Back view of strong motivated woman celebrating workout goals towards the sun. Morning healthy training success.

  1. Leap of Faith: Remember your “why,” and take a leap of faith.

The leap of faith begins with your “why.” For me, it was a need to be with my kids. This need was bigger than any analysis or excel spreadsheet I could make to convince myself otherwise. It was bigger than my six-figure income. It was bigger than the shame I thought I would feel if I failed at this and was known within my professional circle as a mom who “wasted” her career. It was VISCERAL. Every fiber of my being told me I had to be around my kids.

Taking a leap of faith begins with the conviction that your life cannot continue the way it is currently. With faith, you can make a change and be successful at it. As my coach would say, “Ask yourself, ‘What could go right?‘”

Learn how to quantify and mitigate risks

Quantitative risk management is the process of converting the impact of risk on the project into numerical terms. This numerical information is frequently used to determine the cost and time contingencies of the project.

Say you’re analyzing a BRRRR deal, and you are afraid your numbers are around $10K off. If your worst-case scenario becomes a reality, consider that $10K an investment in your education—you’re unlikely to make the same mistake again.

Here are two personal examples:

  1. I overpaid on my first investment property by $15K (I didn’t have a lot to invest at the time and it was a huge hit on my reserves), and I still built a multi-million-dollar, cash-flowing real estate portfolio. And guess what? I never made the same mistake again.
  2. We've had theft at a property; my contractor was surprised how well I took it. No fingers were pointed, and no sleep was lost. It is all part of the business and built into contingency. Lesson learned: I will change the locks on any property I acquire the very same day.

Here are some other excuses to putting off investing and how to get over them:

  • Excuse: I am not handy.
    • Solution: Hire a handyman!
  • Excuse: I don’t want to deal with midnight calls from tenants about a toilet.
  • Excuse: I am still confused as to what the best real estate strategy is.
    • Solution: Flipping, wholesaling, BRRRR, turnkey rentals—just decide on something already, and then put your blinders on. ANY strategy is better than NO strategy.
  • Excuse: The market will crash soon.
    • Solution: I know people who said that a few years ago. They've still not invested in a cash-flowing rental property. Passive rentals with a longer amortization schedule and a good cash-flow buffer can help get through a market downturn.
  • Excuse: A contractor will runaway with my money.
    • Solution: Don’t pay them too much up front!
  • Excuse: What if I go over my construction budget?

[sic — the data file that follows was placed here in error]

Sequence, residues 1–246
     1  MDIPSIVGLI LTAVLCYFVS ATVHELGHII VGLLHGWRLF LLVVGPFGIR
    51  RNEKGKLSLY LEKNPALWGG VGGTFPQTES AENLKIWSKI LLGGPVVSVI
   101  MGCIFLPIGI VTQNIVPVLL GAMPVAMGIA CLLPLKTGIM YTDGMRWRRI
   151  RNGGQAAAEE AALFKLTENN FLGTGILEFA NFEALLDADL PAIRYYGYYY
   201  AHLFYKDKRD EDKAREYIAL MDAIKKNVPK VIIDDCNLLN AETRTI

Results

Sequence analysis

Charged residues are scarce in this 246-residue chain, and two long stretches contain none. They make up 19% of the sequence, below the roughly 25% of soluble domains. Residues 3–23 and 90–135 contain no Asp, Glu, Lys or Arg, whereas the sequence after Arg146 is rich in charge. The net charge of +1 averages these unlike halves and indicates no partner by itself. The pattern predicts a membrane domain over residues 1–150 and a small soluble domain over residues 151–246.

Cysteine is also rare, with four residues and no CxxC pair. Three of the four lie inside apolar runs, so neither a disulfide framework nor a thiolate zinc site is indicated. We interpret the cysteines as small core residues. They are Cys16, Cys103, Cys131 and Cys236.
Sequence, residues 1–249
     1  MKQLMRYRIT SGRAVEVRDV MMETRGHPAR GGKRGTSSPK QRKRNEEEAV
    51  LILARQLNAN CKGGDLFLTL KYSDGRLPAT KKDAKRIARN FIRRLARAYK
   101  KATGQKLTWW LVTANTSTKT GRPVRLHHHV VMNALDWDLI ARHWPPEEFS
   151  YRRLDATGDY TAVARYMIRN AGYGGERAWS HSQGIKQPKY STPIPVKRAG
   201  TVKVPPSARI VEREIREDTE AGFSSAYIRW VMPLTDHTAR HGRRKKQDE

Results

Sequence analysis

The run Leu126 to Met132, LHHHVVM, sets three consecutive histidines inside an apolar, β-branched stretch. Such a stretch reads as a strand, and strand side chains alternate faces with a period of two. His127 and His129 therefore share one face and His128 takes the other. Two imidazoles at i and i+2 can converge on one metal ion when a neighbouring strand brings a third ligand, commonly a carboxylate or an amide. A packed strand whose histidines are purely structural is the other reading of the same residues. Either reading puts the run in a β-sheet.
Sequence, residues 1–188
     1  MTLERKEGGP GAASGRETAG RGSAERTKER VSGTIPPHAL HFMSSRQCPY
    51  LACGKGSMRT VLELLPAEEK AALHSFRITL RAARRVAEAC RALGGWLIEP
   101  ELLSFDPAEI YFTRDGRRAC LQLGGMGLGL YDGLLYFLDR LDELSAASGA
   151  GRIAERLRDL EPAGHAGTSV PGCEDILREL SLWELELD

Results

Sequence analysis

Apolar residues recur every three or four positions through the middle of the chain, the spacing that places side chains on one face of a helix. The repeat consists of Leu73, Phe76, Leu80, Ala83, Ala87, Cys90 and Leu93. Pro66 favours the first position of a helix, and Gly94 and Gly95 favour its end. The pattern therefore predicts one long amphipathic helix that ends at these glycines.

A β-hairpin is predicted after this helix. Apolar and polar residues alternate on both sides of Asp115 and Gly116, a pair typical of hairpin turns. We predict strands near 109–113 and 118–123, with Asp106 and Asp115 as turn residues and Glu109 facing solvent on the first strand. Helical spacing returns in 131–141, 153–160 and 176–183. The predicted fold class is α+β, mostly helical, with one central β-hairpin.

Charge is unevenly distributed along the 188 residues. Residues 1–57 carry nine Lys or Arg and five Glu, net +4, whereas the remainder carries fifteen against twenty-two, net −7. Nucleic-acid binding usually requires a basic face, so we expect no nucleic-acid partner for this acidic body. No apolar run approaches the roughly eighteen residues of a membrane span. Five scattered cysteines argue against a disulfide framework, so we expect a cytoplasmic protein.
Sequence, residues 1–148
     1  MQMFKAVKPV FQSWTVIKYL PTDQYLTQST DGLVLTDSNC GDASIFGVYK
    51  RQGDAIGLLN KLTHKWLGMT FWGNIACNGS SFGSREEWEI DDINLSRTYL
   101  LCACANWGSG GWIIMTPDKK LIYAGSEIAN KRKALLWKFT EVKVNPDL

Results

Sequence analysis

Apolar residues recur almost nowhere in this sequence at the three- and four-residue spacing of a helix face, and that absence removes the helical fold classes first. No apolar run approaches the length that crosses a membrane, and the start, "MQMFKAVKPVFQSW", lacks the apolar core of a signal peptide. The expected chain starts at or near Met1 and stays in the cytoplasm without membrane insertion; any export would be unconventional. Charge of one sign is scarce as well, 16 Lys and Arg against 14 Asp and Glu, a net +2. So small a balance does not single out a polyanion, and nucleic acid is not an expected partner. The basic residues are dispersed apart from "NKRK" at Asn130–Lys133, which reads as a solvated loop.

• Solution: Build a contingency in your budget.

Related: Don’t Know Where to Begin as a Newbie Investor? Check Out These Resources First!

  1. Expectations: Manage your expectations.

I know it took everything you had in you to take that leap of faith. You finally felt relieved and proud that you made an offer on a property. However, it is important to remind yourself that not everything is in our control. The current market cycle is competitive and multiple people are putting offers on properties.

But once you take the leap of faith, it isn’t time to rest. It might take multiple tries before you get your first deal under contract. Manage your expectations. It is great to get excited about a deal, put an offer in, and start seeing yourself as an investor. But go in it knowing it might not work out on the first few tries.

Follow these four steps, and you are on your way to being “ABLE” to get out of your analysis paralysis and get your first deal under contract. I’ll be cheering for you!

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What is holding you back from investing in your first property, and what are you going to do to overcome it?

Post below in the comments section.

Palak Shah (BiggerPockets Podcast episode guest #368) is the founder and owner of Open Spaces Capital and
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    Tiffany Johnson Investor from Olympia, Washington
    Replied about 1 year ago
    Lots of excellent advice. Thanks for another great post!
    Palak Shah Developer from Philadelphia, PA
    Replied about 1 year ago
    Thanks for your comment Tiffany!
    Minerva Thomas from Boston, MA
    Replied about 1 year ago
    Great article! I have been using some of those excuses . I am on the process of learning, but I believe I am ready to take some risks and discover if I am ABLE to be an investor. Thanks!
    Palak Shah Developer from Philadelphia, PA
    Replied about 1 year ago
    Thanks Minerva Thomas and good luck!
    Erica Redcross
    Replied about 1 year ago
    I'm taking the leap now! I've spent the last 2 months seeing properties and honing my evaluation skills. I'm putting in my first offer for a small ranch that is very dated, but in an area with great schools nearby. It's an estate sale and my offer is $50k below asking because it is so dated, but I've got nothing to lose and everything to gain. I'm nervous, but also super-excited. For any of you out there who are letting fear hold you back, tell yourself that you can do this and get after it!